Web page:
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Partners unite for Lake Michigan Wetlands

Projects announced at Cat Island gathering
  • Brian Glenzinski-Ducks Unlimited regional biologist, Paul Huberty - area chairman, Oconto County DU, Greg and Marsha Meissner-Door County DU, Bruce Deadman - Wisconsin DU 2013 volunteer conservationist of the year, Casey Eggleston - program officer, Fund for Lake Michigan, Doug Gorby - director of conservation programs, DU
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GREEN BAY, Wis. – June 23, 2014 – Ducks Unlimited and its partners gathered on Cat Island near Green Bay to announce three projects benefiting local Lake Michigan wetlands. The projects are part of a comprehensive, long-term strategy to restore and enhance wetland function in order to provide water quality improvements and other benefits for fish and wildlife.

“There are a lot of great things happening in the Green Bay area to improve wetlands and waterfowl habitat," said Brian Glenzinski, Ducks Unlimited regional biologist for the state of Wisconsin. “And we’re really amplifying our ability to impact this area by joining together."

Ducks Unlimited and its partners received grants for work on Cat Island, LH Barkhausen Waterfowl Preserve, and Dunes Lake. A grant for the project was awarded by the Fund for Lake Michigan, a private foundation. In addition, the United States Fish and Wildlife Service-Coastal Program released funds from the Great Lakes Restoration Initiative. Funds will be used to create pike spawning marshes, add water control structures, implement revegetation strategies and for invasive species control measures.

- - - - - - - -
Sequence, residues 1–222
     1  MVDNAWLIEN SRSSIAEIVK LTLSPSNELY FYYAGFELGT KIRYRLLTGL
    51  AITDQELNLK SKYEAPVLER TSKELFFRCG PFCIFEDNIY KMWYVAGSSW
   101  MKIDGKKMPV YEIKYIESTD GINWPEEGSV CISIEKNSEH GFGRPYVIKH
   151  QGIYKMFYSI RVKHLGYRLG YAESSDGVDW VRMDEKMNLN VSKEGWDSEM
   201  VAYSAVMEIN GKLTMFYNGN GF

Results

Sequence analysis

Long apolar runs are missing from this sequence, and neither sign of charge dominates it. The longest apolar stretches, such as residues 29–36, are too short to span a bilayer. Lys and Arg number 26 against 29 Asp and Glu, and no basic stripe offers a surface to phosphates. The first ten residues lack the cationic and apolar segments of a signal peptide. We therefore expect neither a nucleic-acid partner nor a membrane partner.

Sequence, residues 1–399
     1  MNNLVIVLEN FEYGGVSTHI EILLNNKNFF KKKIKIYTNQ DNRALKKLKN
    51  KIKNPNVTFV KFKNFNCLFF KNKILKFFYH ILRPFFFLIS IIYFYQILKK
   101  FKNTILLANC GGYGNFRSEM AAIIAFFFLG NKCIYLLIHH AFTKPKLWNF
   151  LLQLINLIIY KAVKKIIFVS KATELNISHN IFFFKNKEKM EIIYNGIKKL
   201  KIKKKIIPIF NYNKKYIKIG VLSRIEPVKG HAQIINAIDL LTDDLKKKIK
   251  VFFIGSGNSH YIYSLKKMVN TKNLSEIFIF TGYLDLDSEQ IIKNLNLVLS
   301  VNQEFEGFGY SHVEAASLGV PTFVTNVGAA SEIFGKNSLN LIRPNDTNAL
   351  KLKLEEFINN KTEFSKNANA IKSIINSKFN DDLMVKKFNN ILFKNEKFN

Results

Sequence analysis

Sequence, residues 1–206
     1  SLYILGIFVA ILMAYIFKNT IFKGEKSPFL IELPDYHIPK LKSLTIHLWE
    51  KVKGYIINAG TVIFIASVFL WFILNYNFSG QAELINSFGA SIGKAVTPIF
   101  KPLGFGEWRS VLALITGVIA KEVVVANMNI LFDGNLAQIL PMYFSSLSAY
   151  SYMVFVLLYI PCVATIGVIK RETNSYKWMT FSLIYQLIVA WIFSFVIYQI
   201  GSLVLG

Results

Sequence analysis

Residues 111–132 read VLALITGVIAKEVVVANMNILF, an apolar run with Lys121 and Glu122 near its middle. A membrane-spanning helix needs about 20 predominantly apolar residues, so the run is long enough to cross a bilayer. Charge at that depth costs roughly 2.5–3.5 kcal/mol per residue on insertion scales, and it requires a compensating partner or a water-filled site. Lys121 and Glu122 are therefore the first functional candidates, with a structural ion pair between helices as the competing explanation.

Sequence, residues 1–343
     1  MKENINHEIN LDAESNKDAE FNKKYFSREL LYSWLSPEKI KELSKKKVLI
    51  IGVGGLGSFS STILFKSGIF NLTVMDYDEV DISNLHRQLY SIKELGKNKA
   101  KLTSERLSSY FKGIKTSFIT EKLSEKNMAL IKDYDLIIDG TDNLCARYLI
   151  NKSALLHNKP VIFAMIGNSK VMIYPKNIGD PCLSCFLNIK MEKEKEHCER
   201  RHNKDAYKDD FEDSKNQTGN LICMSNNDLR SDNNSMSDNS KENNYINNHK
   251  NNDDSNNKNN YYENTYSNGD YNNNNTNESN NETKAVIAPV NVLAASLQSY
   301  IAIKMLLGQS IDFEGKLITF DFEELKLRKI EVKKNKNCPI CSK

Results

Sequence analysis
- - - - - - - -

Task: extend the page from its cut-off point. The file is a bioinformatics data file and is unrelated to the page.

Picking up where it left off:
Casey Eggleston, program officer for the Fund for Lake Michigan, noted the significance of the day. “This is the Fund for Lake Michigan’s first partnership in Northeast Wisconsin, and it’s a pleasure to be working with groups like Ducks Unlimited and University of Wisconsin-Green Bay to make sure these valuable wetlands are functioning at the highest level possible." 

Local Ducks Unlimited members were on hand to hear details about upcoming work in the area.

Greg Meissner has been involved with the Door County DU chapter for more than thirty years. “The restoration needs of the Lower Green Bay area were brought to our attention several years ago. We would drive through the area and it was such a waste. What used to be a productive wetland was just choked, full of phragmites.

Meissner and his wife Marsha are also supporting DU financially through the organization’s Great Lakes Initiative, which targets conservation opportunities in the region. He sees the need for the on-the-ground projects in which DU is involved. “We live very close to Lake Michigan, it’s important to us, and it’s good to see all of these pieces coming together."  

"DU prides themselves on reaching out to a diverse community to support our conservation efforts.  We are more than pleased that the Fund for Lake Michigan chose to support DU's science-based effort in the ecological restoration of the Great Lakes," said Bruce Deadman, local attorney, Wisconsin Ducks Unlimited’s 2013 volunteer conservationist of the year. “Collaboration and partnerships among private foundations, DU members, and public and private agencies are what will give us a chance to fill the skies with waterfowl.  While traditional DU sportsman-conservationists have a special place in our hearts for the ducks, we always remember that productive habitat for waterfowl also benefits other wildlife and people."


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